Tuesday, November 06, 2007

Gold Nearing Nominal All-Time High

Take a look at this Kitco graph to see gold fly up and away.

Time again to repeat my mantra:

You can take gold out of the standard, but you can't take the standard out of gold.

Historically, gold has been a barometer for the value of our monetary units, whatever they are at the time; and today is no exception. By rising to this level, gold is signaling to the world that all is not right with our monetary units, and especially the dollar.

To be a little more cool-headed, we must look at the comparative price of gold after taking inflation into account. When we do that, we discover that today's $824 gold price is only about one-third of the price gold attained in 1980. The peak price of gold in 1980, expressed in 2007 dollars, is $2,145, according to this chart at www.inflationdata.com.

Gold_inflation
[Thanks to inflationdata.com for this chart. Click on it for a larger version.]

That means that the price of gold is nowhere near its peak of 1980, in real terms. However, its dollar exchange value has gone from the low $300s (in 2007 dollars) to $824 today. That movement is a signal that people are losing confidence in the dollar's future.

Compared to other currencies too, the dollar has been hitting some long-time lows. Against what they're calling the "synthetic euro" (a euro value estimated for that period before its creation), and the Canadian dollar, the US dollar is at its lowest ever.

Some economists say this doesn't matter, that the dollar may lose some prestige, but that this is a good thing in the long run; that it will help American exports, that it will re-equilibrate the trade deficit, that it will encourage domestic saving, and that the present strength in our economy will keep the system afloat with no major problems.

Other economists say that this devaluation of our currency is nothing less than legalized embezzlement, that it increases the price of America's imports, that it will soon appear in the core price level and inflation numbers, and that the banking and mortgage irregularities that went on for the last five years will cost us dearly.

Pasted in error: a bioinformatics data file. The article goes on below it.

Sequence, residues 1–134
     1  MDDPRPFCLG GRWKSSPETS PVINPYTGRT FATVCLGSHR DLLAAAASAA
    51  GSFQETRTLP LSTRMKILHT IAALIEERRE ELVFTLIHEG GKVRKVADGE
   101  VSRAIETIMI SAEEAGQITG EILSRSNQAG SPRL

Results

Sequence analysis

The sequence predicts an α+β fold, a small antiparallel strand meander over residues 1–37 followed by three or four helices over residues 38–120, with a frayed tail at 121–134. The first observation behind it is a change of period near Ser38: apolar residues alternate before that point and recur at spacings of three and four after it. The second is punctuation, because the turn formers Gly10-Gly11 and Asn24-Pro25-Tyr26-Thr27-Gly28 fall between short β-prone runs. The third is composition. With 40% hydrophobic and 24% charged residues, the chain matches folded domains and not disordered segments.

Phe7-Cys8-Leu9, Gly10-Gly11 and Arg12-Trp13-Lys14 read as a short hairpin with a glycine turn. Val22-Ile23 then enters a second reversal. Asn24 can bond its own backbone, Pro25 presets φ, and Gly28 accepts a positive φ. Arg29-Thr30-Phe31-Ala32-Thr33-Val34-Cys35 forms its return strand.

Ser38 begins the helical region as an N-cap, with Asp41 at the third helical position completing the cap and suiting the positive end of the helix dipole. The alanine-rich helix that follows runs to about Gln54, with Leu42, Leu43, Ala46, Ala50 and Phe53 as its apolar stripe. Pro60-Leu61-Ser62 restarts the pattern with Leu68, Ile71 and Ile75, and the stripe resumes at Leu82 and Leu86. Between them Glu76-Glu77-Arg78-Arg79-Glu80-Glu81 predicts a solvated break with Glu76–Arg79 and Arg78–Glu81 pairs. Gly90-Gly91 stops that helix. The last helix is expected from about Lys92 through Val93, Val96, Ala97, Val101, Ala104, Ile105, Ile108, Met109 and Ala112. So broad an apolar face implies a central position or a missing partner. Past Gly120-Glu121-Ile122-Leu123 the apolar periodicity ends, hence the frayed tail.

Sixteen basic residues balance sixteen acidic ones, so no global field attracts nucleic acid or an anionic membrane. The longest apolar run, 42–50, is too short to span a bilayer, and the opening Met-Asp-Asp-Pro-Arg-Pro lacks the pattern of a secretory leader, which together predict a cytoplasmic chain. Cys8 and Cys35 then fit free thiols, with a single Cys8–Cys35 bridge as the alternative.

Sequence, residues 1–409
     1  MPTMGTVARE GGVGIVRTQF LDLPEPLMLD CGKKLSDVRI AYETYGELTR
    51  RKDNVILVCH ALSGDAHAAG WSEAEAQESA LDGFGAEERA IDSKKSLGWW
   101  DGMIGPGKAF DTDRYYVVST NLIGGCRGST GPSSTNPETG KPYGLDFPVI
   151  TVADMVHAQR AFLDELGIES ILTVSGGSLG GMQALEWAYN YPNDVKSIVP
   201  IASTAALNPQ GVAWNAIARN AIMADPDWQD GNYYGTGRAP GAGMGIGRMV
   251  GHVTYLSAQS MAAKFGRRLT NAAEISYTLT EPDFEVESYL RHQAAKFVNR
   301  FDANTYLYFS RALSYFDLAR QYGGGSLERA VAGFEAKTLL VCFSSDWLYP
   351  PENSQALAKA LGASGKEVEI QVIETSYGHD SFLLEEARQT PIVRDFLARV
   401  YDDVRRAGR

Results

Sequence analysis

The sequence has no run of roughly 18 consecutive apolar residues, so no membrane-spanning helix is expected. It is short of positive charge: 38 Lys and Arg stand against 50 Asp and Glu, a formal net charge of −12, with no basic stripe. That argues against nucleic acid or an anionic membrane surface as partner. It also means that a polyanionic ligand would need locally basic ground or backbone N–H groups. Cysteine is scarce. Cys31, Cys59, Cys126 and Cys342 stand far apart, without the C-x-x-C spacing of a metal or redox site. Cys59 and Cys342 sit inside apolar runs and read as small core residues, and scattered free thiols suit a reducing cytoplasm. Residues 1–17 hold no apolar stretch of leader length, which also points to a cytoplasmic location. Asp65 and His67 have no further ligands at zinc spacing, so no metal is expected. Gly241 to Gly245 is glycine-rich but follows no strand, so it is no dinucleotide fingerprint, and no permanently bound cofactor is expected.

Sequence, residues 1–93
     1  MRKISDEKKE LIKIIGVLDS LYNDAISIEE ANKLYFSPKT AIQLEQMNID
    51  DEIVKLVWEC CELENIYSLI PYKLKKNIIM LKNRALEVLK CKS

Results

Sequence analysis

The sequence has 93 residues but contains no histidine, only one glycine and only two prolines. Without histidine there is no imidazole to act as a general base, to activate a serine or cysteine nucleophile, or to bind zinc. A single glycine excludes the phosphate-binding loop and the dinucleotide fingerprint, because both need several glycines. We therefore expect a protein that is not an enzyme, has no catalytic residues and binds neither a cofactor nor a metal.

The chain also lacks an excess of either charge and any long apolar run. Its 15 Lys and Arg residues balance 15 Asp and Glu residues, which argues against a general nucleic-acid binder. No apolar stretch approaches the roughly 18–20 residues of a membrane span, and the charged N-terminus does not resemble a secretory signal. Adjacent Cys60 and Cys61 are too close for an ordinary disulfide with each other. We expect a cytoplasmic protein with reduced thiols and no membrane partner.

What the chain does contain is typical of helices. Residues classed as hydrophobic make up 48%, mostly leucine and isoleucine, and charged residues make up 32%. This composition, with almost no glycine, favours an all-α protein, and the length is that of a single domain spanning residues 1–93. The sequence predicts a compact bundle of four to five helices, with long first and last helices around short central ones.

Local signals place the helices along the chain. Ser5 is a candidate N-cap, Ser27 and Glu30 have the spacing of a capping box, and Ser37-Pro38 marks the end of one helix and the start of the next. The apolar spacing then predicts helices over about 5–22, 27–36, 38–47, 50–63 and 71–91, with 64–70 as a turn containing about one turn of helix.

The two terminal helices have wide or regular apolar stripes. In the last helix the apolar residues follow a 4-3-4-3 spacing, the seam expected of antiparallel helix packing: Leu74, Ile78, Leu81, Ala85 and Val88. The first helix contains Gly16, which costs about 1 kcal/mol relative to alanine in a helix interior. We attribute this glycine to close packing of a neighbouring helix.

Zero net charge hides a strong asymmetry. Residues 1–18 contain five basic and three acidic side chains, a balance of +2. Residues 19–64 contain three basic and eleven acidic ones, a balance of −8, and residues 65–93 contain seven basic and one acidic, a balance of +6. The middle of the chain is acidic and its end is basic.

What is certain is that experts can no longer say that those who control our economy haven't already stolen our purchasing power. I submit that the problems we are experiencing in the credit markets are a direct result of actions by the Federal Reserve to devalue our currency, even though that wasn't their first objective. (They did it in the name of "saving" the global economy.)

By lowering their rates and pumping credit into the system over the last 20 years, the Fed is directly responsible for the various booms and busts we have been experiencing. We may not yet have a rise in core CPI; but we have experienced disruptions. At first it was the hedge fund crisis of the 1990s; then it was the dot.com boom/bust cycle; now we're in the housing boom/bust cycle that is touching hundreds of thousands of households.

Economists cannot gloss over the pain of so many people--those who lost money in the stock market crashes of 1987 and 2001, and now those who are having to pick themselves up from some bad real estate investments--and say that it doesn't matter, that these people are worth sacrificing for the good of the global economy. Or if they're going to say that, I say shame on them.

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1 Comments:

Blogger indianist said...

I have been trying to know why the dollar rate is rising and why is the rupee value falling? When will all these get over and India will have a better economy? Please share your ideas with me if you are aware of it.

11:09 PM  

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